Hill-Sachs lesion – compression defect at the top of the humeral head at the posterolateral aspect. It is a sign of previous anterior shoulder dislocation at which time the humeral head will have impacted against the anteroinferior part of the glenoid creating the compression fracture. It is often associated with a Bankart lesion of the glenoid and with shoulder instability. The MRI image shows a Hill-Sachs lesion with adjacent bright signal marrow oedema indicating recent dislocation.
from our tumblr blog: http://radiologysigns.tumblr.com/post/27856682364
Water bottle sign – refers to the shape of the cardiac silhouette on erect frontal chest x-rays in patients who have a very large pericardial effusion. The fluid, often measuring a litre or more, causes the pericardium to sag mimicking an old-fashioned water bottle sitting on a bench. Typically the effusion has accumulated over many weeks (e.g. in patients with malignancy) and the pericardium has gradually stretched. Coronal CT image is shown for correlation.
from our tumblr blog: http://radiologysigns.tumblr.com/post/27608746064
Drooping lily sign – a urographic sign of duplicated renal collecting system. It refers to the inferolateral displacement of the opacified lower pole moiety due to an obstructed (and relatively unopacified) upper pole moeity. The similarity to a lily is further strengthened by the small number of calyces the lower pole moiety has. In duplicated collecting system it is classically the upper pole ureter that is obstructed due to a ureterocoele and the lower pole ureter that refluxes: as described by the Weigert-Meyer law.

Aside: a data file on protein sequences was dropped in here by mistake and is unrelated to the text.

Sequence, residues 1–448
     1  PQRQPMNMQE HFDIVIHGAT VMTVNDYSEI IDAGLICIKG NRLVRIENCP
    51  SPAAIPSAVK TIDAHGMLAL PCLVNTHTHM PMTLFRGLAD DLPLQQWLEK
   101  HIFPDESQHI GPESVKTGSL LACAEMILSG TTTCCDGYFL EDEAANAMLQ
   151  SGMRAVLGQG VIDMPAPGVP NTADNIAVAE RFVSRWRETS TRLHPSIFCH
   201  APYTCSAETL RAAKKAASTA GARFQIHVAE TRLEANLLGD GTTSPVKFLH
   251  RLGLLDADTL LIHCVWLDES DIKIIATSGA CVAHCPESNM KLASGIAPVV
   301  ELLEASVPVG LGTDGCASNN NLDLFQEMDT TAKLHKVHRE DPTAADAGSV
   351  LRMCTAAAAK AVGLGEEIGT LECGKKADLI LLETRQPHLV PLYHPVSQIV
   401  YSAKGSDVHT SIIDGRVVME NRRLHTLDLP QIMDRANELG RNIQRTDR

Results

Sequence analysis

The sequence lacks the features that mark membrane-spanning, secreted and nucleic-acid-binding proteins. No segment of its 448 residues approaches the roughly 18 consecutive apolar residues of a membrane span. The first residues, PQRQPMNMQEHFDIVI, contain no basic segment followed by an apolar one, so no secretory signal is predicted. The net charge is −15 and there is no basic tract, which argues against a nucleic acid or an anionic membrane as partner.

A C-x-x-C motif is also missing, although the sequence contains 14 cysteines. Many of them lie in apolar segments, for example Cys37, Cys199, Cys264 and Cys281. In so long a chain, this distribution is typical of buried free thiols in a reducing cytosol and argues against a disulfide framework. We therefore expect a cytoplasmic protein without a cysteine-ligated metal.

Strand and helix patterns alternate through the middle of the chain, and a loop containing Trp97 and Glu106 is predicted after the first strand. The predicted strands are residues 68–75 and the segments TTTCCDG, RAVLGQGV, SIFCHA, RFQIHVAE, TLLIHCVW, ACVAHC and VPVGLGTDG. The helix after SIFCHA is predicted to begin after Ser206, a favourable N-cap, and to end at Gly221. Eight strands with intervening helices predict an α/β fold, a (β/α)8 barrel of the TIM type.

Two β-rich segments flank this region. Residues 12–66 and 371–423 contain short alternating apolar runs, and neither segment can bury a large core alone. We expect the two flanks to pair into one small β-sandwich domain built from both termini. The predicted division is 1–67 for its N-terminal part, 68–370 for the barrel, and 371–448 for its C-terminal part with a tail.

from our tumblr blog: http://radiologysigns.tumblr.com/post/27296288584
Our new MSK pack is now available for download via our app. It has a great collection of upper limb fractures and dislocations. Perfect for the clumsy and health professionals alike.
from our tumblr blog: http://radiologysigns.tumblr.com/post/27164679275
Subdural haemorrhage – collection of blood between the dura and arachnoid mater of the meninges. The crescent shape of subdural haematoma is classically taught as the major method of distinguishing it from the more typically lentiform shaped extradural haematoma, however there are other helpful distinguishing signs. Due to the physical structure of the meninges subdural blood is able to cross skull sutures and extend along dural reflections (falx and tentorium) while extradural blood cannot. The above case shows blood which on shape assessment could be extradural or subdural in location, however the fact that it crosses the lambdoid suture means it must be subdural.
from our tumblr blog: http://radiologysigns.tumblr.com/post/27100256742
Tree in bud sign – describes the CT chest appearance of multiple centrilobular nodules that are connected by branching opacified bronchioles. Although initially described in patients with endobronchial tuberculosis, it is now recognised in a large number of conditions ranging from small airways infections like mycobacterium avium complex, to connective tissue diseases like rheumatoid arthritis, to neoplastic conditions like bronchioloalveolar cell carcinoma.
from our tumblr blog: http://radiologysigns.tumblr.com/post/26951480530